The Providence After School Alliance's AfterZone model of after-school programs was developed as the result of extensive research that showed a lack of high-quality after-school programs for youth in Providence, Rhode Island. This was especially true for middle school students, who are often left unsupervised and thus are more likely to participate in risky activities.
Planning a network of citywide after-school programs can take months or even years to achieve. It took two years for PASA and leaders in Providence to establish the AfterZone model.
When planning your own program, start by building a leadership circle that consists of people from the school district, the mayor's office, the parks and recreation department, and some of your lead after-school providers to look at what you can accomplish collectively.
The impetus behind creating an after-school system in Providence started with the mayor, David N. Cicilline, who jump-started the process by bringing together all middle school principals, directors of city recreation centers, and the heads of the public libraries. According to Cicilline, many of these leaders didn't know one another; by getting them together in the same room, relationships developed and common interests concerning youth emerged.
Creating a Strategy
After developing the core group, work collectively on a strategy for youth; worry about money later. Articulate a strategy around engaging with youth and working together to share limited resources. Be sure that you call on people who have done this work before in other cities with successful results.
Hillary Salmons, executive director of PASA, says, "It's important that the city or community looks at youth-development programs as the focus of the city, rather than as the pet-project goal of the mayor or superintendent. It's extremely important that there's a high-level leadership circle that can collectively mobilize resources in a strategic way and really champion and put youth first. Knowing what youth want takes talking with them and their parents and using research and other methods to get there."
During the planning process, it's important to revisit the vision and mission again and again. Clarify what you're doing and trying to achieve jointly, and encourage group participation to share in building and articulating the vision. The mission and vision should eventually lead to creating a set of standards, which will be described in Lesson 3 of this tutorial.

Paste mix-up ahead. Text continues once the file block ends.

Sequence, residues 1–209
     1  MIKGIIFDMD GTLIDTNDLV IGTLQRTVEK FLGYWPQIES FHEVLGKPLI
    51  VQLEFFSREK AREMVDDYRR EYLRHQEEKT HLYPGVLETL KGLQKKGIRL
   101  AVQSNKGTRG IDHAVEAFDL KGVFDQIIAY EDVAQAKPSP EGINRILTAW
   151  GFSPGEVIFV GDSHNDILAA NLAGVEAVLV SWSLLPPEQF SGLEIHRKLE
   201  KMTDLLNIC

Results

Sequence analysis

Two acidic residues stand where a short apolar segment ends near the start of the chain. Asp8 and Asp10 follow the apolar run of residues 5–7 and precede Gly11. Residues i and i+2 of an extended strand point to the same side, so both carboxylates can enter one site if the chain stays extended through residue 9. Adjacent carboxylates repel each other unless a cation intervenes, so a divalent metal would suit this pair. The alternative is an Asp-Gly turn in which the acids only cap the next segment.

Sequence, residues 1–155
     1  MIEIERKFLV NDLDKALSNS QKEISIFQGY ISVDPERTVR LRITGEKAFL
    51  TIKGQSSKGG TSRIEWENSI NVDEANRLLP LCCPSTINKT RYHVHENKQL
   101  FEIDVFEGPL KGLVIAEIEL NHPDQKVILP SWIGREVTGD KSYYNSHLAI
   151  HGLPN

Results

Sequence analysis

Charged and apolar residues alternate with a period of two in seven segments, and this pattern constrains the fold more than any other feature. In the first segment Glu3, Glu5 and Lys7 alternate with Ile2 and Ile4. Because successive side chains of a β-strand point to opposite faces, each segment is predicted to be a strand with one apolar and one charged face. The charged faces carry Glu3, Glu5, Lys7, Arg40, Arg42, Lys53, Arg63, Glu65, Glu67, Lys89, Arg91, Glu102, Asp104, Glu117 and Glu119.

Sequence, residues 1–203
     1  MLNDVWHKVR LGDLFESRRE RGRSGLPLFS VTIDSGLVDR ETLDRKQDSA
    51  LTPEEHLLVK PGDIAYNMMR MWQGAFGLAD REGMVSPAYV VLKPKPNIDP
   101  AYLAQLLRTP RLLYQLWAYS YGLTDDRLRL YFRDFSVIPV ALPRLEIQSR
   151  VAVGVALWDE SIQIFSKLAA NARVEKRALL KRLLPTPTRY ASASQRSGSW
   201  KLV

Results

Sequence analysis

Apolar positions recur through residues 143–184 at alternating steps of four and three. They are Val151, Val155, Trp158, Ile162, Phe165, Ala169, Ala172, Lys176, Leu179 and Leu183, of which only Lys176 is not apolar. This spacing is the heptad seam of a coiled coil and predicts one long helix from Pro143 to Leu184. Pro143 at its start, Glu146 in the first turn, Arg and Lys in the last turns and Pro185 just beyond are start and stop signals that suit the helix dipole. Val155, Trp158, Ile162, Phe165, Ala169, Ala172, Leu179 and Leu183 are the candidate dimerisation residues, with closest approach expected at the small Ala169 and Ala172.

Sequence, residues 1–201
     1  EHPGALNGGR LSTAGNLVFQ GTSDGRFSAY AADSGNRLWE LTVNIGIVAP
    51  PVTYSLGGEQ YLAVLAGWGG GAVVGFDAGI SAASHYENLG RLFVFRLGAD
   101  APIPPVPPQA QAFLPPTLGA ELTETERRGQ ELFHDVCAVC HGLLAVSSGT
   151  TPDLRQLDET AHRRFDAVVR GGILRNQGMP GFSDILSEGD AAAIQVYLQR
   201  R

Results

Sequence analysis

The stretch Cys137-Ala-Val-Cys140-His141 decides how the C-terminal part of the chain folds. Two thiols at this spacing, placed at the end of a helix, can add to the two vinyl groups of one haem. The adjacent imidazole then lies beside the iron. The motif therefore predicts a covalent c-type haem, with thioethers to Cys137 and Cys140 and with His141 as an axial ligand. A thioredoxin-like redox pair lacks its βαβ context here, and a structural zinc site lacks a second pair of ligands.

After forming relationships and strategizing, consider identifying and forming an intermediary entity to fully launch the effort. PASA has taken on this role, acting as the liaison between the public and private sectors (for example, between the school system, the parks, and local business providers). The intermediary is a key element of the process but will involve quite a bit of financial resources and staff infrastructure to create.
Finally, do your research and develop a business plan based on the findings and ideas that emerged through the strategy meetings. A strong business plan and vision will help attract private funding and grants. You'll learn more about this in the next part of the tutorial, on resources and funding.
We use these terms throughout this and other PASA lessons:
AfterZone: A geographic area that defines a "community campus" of schools and community providers in the area. Students from different schools can attend a network of after-school programs within the zone.
Program provider: Any organization or person providing activities for children and/or youth during the after-school hours.
Providence After School Alliance (PASA): An intermediary agency responsible for creating a system of high-quality after-school opportunities for middle school youth in Providence, Rhode Island. Initially funded by the Wallace Foundation and Bank of America, PASA is driven by the collective efforts of over 150 public and nonprofit after-school providers and is spearheaded by Mayor David N. Cicilline.
PASA staff offer this advice for developing relationships to create a program strategy:
After-school initiatives start with people. Develop a leadership circle that includes school district representatives, middle school principals, and key after-school providers.
Youth should be the focus of all talks. Build candor with the core base.
Work with resources on hand. Think: What are you trying to achieve, and what can people provide to the partnership? What are your current and future funding mechanisms?
Emulate other cities and communities that have created successful models.
Consider partnering with, identifying, and/or forming an intermediary entity to coordinate the end results.
Quality standards should come from the core base, using research and outside sources for reference.